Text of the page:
• Proton-coupled transport;
  • dipeptide;
  • intestine;
  • epithelium;
  • Caco-2 cells;
  • cell culture;
  • cephalosporin;
  • intracellular pH
  • 1
    pH-dependent transepithelial transport and intracellular accumulation of the hydrolysis-resistant dipeptide glycylsarcosine (Gly-Sar) have been demonstrated in the model human intestinal epithelial cell line, Caco-2.
  • 2
    Experiments with BCECF (2′,7′-bis(2-carboxyethyl)-5(6)-carboxyfluorescein)-loaded Caco-2 cells demonstrated that dipeptide (Gly-Sar) transport across the apical membrane is coupled to proton flow into the cell.
  • 3
    A range of postulated substrates for the intestinal di/tripeptide carrier were tested for their abilities to: (a) inhibit pH-dependent [14C]Gly-Sar apical-to-basal transport and intracellular accumulation and (b) stimulate H+ flow across the apical surface of BCECF-loaded Caco-2 cell monolayers.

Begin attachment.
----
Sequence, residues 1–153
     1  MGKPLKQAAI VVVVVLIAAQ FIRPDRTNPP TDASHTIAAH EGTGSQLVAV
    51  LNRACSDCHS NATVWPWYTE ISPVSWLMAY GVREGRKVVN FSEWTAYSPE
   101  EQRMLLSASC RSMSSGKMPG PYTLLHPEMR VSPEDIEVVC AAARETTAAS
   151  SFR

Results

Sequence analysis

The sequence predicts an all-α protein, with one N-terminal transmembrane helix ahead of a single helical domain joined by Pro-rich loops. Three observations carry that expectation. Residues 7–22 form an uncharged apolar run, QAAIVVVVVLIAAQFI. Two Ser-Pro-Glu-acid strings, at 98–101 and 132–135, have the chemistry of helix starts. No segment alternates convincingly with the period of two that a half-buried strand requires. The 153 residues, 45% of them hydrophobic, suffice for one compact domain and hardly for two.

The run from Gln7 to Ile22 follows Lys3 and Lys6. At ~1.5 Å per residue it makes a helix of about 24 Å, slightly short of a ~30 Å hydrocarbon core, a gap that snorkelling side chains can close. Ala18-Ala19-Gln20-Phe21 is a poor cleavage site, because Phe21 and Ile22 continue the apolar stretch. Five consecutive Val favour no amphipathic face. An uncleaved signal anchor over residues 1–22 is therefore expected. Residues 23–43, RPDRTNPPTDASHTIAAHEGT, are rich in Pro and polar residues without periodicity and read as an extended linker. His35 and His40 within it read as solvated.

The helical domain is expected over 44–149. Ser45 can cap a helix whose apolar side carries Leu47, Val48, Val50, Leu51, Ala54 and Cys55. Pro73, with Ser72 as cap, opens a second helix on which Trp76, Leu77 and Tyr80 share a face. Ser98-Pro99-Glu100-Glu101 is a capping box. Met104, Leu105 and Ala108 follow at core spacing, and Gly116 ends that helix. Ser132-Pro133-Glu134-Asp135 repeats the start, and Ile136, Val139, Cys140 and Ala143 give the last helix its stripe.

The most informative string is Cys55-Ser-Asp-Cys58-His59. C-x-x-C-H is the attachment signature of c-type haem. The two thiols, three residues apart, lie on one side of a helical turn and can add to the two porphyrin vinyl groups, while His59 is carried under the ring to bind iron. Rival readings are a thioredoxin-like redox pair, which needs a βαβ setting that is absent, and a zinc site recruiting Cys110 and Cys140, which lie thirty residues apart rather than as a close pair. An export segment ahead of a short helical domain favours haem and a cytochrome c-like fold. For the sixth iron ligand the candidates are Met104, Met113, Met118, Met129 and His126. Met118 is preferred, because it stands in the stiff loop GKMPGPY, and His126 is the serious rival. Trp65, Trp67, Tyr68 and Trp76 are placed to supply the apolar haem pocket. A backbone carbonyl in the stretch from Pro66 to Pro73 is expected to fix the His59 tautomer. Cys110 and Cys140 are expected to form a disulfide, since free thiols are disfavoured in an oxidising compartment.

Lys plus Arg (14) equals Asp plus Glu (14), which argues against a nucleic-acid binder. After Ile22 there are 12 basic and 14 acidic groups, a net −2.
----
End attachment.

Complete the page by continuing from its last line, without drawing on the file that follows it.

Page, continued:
• 4
    A range of compounds (including Gly-Gly, Leu-Leu, Gly-Gly-Gly, cefadroxil and cephalexin) caused marked acidification of intracellular pH when perfused at the apical surface of Caco-2 cell monolayers. In contrast leucine and D-Leu-D-Leu failed to induce proton flow. The ability to induce proton-flow across the apical surface by these compounds, in this intestinal epithelium, was directly correlated to the relative inhibitory effects on [14C]-Gly-Sar transport and accumulation.
  • 5
    The determination of substrate-induced intracellular pH change in the Caco-2 cell system may provide a useful rapid screen for candidate substrates for absorption via H+-coupled transport mechanisms such as the intestinal di/tripeptide carrier in an appropriate physiological context.